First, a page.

Just regard how Shyamalan frames his action, never once falling into the ADD editing styles and CGI bombast that are now pre-requisites of the genre. He explicitly knows precisely what to reveal and when, just what should be left within the frame and what should be left out. Seemingly simple movement make for grand effects throughout "Glass" and I so appreciated the visual skill on display. To that end, I loved how color was used throughout the film as certain colors represented certain characters in a truly lush comic book fashion.

But all of those aesthetic touches would mean nothing without a story and I felt that Shyamalan was working in peak form with "Glass," allowing the film to serve as its own entity while also wrapping up a film trilogy is high style. As the titular Mr. Glass, Samuel L. Jackson is obviously having a delicious time portraying his evil genius, making him a figure to be feared as well as one to empathize with as his horrific actions speak to his existential crisis of discovering and living up to what he believes to be his life's purpose. Sometimes, there is nothing more joyous than seeing and hearing Samuel L. Jackson tear into a luxurious monologue and Shyamalan has not let him down by supplying him with several that flow as musically as ever. 

Sarah Paulson struck a commanding yet deeply eerie presence as Dr. Staple, a figure who takes hold of the films lengthy mid-section as she attempts to convince all three figures that they are not who or what they each believe themselves to be. So focused Paulson is, again mastering Shyamalan's massive dialogue to the point where she was nearly convincing me that I had not seen what I know I had seen over the previous two films.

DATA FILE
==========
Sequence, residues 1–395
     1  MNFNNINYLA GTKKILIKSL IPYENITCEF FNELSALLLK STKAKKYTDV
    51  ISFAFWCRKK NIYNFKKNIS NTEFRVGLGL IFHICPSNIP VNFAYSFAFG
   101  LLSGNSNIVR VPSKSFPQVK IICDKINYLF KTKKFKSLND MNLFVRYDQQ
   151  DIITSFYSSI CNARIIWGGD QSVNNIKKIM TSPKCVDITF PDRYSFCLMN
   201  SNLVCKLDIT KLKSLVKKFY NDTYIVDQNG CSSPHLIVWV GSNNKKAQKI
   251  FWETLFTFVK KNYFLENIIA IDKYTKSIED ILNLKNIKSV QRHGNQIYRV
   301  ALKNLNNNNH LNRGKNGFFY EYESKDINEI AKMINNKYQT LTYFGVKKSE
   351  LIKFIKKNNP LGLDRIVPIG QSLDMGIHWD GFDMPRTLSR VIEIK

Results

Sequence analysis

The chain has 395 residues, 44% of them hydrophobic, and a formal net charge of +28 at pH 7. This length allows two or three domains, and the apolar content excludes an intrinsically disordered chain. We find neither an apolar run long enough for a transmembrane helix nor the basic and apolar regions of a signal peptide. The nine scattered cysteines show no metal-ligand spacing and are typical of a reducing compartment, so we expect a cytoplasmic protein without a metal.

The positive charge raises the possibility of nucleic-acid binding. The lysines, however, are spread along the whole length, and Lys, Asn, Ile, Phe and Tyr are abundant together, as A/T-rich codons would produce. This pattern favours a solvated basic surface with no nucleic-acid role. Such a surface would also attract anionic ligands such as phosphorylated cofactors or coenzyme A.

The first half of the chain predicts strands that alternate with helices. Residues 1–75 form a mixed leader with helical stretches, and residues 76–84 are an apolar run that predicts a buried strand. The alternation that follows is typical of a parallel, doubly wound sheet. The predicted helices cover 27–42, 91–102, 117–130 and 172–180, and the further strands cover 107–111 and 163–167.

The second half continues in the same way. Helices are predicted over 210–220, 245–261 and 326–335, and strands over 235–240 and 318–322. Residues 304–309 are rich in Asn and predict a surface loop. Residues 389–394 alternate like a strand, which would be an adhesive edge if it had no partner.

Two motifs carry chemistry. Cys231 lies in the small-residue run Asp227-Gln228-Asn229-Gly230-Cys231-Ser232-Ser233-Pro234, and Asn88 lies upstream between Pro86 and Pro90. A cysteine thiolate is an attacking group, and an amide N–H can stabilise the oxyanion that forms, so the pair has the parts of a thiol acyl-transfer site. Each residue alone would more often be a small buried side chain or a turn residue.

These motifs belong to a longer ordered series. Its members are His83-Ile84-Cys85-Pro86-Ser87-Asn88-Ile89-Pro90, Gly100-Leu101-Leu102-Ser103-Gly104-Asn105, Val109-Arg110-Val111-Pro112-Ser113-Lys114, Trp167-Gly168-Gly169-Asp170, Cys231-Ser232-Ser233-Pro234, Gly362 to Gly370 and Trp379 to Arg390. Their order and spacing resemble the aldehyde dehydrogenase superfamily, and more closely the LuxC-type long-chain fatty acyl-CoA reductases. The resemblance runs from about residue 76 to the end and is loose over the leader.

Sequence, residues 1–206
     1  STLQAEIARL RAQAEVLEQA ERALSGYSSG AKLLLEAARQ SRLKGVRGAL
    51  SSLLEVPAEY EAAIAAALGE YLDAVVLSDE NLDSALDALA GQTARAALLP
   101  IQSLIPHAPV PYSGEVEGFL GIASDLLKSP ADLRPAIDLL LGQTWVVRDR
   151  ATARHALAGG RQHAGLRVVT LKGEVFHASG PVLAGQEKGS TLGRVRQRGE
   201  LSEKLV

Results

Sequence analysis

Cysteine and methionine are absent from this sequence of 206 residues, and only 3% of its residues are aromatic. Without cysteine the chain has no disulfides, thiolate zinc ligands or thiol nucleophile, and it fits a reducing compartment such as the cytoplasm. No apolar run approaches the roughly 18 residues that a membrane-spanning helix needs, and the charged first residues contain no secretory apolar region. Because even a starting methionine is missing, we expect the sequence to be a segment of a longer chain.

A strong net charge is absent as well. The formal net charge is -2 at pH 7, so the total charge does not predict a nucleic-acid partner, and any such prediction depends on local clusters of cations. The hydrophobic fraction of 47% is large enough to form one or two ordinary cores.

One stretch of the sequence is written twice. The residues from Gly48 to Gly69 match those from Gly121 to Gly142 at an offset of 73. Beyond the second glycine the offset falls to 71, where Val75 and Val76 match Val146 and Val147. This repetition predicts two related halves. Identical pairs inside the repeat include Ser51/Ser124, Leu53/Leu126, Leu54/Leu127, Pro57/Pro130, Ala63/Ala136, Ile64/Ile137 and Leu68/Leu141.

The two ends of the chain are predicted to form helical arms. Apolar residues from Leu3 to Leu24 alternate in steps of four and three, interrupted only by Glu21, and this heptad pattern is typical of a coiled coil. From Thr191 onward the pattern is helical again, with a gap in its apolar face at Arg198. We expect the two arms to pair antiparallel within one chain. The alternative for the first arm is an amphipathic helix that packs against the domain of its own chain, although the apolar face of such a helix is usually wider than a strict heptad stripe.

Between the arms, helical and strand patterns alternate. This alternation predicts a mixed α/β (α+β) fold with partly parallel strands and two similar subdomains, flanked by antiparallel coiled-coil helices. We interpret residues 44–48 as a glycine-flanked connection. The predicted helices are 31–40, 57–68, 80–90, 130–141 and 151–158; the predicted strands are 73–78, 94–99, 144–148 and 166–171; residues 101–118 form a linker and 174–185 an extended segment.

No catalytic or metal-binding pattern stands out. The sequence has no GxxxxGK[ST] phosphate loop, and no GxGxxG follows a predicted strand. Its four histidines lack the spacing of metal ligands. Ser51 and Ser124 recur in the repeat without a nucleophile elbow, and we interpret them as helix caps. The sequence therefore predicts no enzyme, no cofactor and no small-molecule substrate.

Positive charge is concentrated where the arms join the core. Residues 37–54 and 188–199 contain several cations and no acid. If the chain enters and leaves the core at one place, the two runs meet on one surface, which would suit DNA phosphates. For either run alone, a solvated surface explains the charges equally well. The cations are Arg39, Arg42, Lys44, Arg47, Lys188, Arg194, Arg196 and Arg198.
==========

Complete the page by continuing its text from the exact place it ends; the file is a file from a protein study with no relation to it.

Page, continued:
But James McAvoy, as with "Split," is a veritable hurricane to regard. Obviously thrilled with being completely let off of the chain as he tackles a whopping 24 personalities, McAvoy remains so beautifully in control of his acting powers, never losing focus and exploring his wonderful physicality throughout, making his body appear to magically shrink and even grow in size to complement the characters of the never aging 9 year old boy, the prim and proper older woman or the full horrifyingly ravenous force of the Beast.

Even Shyamalan seems to be gleefully rubbing his hands with his good fortune in casting James McAvoy as he has designed a couple of mesmerizing sequences that display McAvoy altering personalities in real time from one to the next, sometimes in a rapid succession. And every single time, McAvoy's transformations are complete, ensuring that we, in the audience, are seeing and fully understanding which persona poor Kevin has been possessed by. James McAvoy is absolutely...ahem...marvelous.

And finally, I loved how self-aware "Glass" happened to be, serving up a comic book story all the while knowing that it is a comic book story. For some, it may read as yet another example of M. Night Shyamalan's perceived rampant ego but for me, it was just good old fashioned storytelling at work. Storytelling that enveloped me and made me hungry to know what was coming next and how all three films connected explicitly, a quality I felt Shyamalan served to strong effect.

I know. I know. I am certain that many of you will remain unconvinced regardless of my words and may not even try to see this film. Or you may go anyway and hate it upon principle. I do understand that. Believe me, I think that Michael Bay, for instance is the death of cinema itself. But that being said, I am willing to give him a chance and give praise should I feel that anything he devised spoke to me positively.

So, I just ask the same of you regarding M. Night Shyamalan's "Glass,"  a riveting dark dream of a comic book tale presented in full, unapologetic, unrepentantly personalized style and substance.